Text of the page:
The prime minister told reporters at the NATO summit in Prague Friday that Francoise Ducros has apologized to him for causing an international fuss.
"She said to me she had a private conversation and she was defending in the discussion somewhat the president of the United States," Chretien told reporters. "She doesn't remember having used these words.
"She said to me that if it's causing too much of a problem, she offered her resignation, and I did not accept that because it was a private conversation."
For her part, Ducros says she did not insult the American president.
"I have never, in any of the many briefings I have given reporters as the prime minister's chief spokesperson, ever expressed, on the record or off the record, any negative opinion concerning President George Bush," she wrote in her letter of resignation.
"If I made comments in the context of what I understood to be a private conversation, I regret that they have attracted so much media attention," she added. "I accept full responsibility for them and I sincerely apologize."
The furore erupted after Ducros reportedly made the comment in an off-the-record media briefing, after President Bush suggested NATO members should spend more on defense.
It may have been uttered in a private conversation with a Canadian reporter, but other journalists in the room heard it and the comment quickly made headlines around the world.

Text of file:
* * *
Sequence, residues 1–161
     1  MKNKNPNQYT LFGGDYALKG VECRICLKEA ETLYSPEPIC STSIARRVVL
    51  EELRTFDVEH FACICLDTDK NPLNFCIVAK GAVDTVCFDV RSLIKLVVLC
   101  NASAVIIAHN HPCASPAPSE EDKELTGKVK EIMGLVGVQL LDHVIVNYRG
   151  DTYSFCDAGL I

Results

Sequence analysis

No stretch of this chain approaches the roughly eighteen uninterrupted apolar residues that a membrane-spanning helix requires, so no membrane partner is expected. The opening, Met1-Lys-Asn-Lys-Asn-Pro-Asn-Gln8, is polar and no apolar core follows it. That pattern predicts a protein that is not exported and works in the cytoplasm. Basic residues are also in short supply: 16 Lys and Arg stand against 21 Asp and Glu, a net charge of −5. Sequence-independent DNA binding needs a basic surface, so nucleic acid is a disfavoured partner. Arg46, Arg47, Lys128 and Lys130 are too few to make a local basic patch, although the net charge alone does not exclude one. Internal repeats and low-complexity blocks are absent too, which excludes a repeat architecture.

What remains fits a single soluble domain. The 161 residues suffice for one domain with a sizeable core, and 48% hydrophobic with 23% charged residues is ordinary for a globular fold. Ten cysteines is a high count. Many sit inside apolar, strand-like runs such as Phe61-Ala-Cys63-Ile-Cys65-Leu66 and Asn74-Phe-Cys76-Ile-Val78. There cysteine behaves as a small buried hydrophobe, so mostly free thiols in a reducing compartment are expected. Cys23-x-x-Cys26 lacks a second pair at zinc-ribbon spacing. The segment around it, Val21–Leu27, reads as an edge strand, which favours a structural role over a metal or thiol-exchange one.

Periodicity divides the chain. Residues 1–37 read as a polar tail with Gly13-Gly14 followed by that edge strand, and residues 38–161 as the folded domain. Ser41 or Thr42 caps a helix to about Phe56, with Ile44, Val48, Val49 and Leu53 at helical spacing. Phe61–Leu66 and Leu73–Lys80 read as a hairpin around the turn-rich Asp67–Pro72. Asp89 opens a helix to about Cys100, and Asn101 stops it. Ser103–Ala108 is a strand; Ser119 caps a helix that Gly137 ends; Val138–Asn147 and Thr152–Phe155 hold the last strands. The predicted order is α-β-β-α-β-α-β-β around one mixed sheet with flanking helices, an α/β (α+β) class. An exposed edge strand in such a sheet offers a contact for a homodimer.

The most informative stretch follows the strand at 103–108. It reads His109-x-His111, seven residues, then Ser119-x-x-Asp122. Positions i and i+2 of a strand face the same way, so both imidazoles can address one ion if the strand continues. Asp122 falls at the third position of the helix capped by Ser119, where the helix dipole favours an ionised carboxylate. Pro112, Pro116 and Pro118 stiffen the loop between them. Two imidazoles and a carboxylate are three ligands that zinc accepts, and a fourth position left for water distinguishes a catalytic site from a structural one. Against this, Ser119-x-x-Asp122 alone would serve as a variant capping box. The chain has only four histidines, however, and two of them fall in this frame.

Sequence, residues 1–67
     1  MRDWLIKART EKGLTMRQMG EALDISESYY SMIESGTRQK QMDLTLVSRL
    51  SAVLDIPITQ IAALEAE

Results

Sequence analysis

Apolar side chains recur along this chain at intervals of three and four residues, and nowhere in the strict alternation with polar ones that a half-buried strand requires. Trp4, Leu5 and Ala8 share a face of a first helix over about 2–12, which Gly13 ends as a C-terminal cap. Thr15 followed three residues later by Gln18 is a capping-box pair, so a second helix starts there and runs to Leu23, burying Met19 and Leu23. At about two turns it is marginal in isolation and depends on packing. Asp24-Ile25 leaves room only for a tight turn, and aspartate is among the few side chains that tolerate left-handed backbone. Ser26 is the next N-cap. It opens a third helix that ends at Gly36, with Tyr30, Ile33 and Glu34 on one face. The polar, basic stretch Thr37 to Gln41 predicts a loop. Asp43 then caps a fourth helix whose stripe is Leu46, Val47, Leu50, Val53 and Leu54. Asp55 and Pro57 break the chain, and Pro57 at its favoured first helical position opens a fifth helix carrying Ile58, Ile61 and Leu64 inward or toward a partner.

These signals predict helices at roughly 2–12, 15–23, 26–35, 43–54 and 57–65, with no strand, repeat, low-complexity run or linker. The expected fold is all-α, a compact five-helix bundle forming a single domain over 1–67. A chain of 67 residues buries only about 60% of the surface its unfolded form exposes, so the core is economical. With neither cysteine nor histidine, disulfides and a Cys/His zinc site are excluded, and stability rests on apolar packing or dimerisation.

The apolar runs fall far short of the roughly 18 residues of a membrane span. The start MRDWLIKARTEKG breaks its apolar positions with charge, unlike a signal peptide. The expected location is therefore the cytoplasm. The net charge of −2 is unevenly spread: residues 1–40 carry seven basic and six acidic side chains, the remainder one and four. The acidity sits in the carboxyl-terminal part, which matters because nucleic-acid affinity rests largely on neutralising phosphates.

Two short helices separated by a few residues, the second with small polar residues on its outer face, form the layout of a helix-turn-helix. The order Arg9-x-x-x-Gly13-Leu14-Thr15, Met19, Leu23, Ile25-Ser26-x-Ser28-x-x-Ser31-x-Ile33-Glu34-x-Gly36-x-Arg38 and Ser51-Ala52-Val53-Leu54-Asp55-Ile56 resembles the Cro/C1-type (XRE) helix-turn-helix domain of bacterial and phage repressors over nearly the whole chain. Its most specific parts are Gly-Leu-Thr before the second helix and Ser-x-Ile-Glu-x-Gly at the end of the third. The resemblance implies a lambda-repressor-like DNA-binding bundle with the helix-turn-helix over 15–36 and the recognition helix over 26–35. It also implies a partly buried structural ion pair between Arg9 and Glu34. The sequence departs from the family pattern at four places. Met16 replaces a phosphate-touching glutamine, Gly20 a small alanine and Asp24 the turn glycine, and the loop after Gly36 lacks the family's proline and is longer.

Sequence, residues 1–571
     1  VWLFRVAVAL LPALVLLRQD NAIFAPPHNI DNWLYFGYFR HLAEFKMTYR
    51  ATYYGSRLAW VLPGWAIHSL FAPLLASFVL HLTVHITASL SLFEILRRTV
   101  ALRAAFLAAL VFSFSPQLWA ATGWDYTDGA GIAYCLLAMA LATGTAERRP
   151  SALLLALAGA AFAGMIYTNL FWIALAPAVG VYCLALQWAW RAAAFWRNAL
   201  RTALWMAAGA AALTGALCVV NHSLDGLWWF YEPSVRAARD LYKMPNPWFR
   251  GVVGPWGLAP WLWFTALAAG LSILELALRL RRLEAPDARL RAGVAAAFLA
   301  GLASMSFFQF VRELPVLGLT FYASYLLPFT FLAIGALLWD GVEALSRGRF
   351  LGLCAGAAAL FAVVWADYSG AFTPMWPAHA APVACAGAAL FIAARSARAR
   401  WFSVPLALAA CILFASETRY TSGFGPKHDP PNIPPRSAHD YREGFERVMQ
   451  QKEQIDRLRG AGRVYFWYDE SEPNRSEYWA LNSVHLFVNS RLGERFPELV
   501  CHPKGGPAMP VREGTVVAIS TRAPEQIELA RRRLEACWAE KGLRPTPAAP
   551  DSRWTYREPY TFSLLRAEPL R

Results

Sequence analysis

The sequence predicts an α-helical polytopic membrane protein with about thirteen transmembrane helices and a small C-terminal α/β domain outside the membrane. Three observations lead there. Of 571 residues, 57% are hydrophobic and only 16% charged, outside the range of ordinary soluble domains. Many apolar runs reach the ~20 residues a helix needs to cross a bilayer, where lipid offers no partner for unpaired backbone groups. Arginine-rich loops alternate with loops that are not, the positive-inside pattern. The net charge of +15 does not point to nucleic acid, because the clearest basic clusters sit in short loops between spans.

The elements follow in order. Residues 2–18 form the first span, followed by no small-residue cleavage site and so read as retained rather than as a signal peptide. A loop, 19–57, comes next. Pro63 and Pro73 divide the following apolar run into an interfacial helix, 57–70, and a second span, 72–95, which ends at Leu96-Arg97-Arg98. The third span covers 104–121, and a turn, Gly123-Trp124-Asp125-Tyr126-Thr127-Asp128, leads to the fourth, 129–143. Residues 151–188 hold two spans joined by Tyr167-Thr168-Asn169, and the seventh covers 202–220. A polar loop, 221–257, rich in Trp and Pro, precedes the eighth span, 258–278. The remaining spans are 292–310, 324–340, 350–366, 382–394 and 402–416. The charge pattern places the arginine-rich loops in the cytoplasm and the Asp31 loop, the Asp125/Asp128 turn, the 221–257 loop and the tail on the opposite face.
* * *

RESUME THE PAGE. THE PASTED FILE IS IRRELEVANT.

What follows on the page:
"It simply does not get more serious," said CTV correspondent Craig Oliver, who heard Ducros' remark.
"This woman is the voice of the Canadian government, she has mortally insulted the leader of the free world -- and she has perhaps provided comfort to the enemies of the U.S."
While the Canadian prime minister tried to play down the incident, opposition critics were aghast at his refusal to accept Ducros' resignation.
"The problem is a string of anti-Americanism coming from people in senior positions with the Liberal government," said Canadian Alliance MP Jason Kenney. "These sort of comments just further impair a relation we need to build."
Tory leader Joe Clark said Ducros should have been promptly put on a plane back to Canada and fired.
"Trained diplomats lose their positions. Elected members of Parliament lose their positions, (but) Francie Ducros keeps hers? Where's the logic in that?" Clark asked.
"Jean Chretien is keeping her there because of a double standard that is undermining the government."
Chretien, Ducros and the Canadian entourage are expected to return to Ottawa from Prague over the weekend.